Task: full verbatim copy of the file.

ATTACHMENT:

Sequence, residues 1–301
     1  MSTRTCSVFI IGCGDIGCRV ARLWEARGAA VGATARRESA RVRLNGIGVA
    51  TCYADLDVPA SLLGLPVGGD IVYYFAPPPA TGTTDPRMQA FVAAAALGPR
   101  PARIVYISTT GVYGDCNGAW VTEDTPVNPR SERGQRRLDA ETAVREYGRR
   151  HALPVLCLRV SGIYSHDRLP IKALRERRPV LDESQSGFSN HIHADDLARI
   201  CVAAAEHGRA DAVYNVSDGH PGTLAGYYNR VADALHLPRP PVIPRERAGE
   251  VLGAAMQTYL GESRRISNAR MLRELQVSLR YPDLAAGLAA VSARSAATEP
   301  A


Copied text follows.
Sequence, residues 1–301
     1  MSTRTCSVFI IGCGDIGCRV ARLWEARGAA VGATARRESA RVRLNGIGVA
    51  TCYADLDVPA SLLGLPVGGD IVYYFAPPPA TGTTDPRMQA FVAAAALGPR
   101  PARIVYISTT GVYGDCNGAW VTEDTPVNPR SERGQRRLDA ETAVREYGRR
   151  HALPVLCLRV SGIYSHDRLP IKALRERRPV LDESQSGFSN HIHADDLARI
   201  CVAAAEHGRA DAVYNVSDGH PGTLAGYYNR VADALHLPRP PVIPRERAGE
   251  VLGAAMQTYL GESRRISNAR MLRELQVSLR YPDLAAGLAA VSARSAATEP
   301  A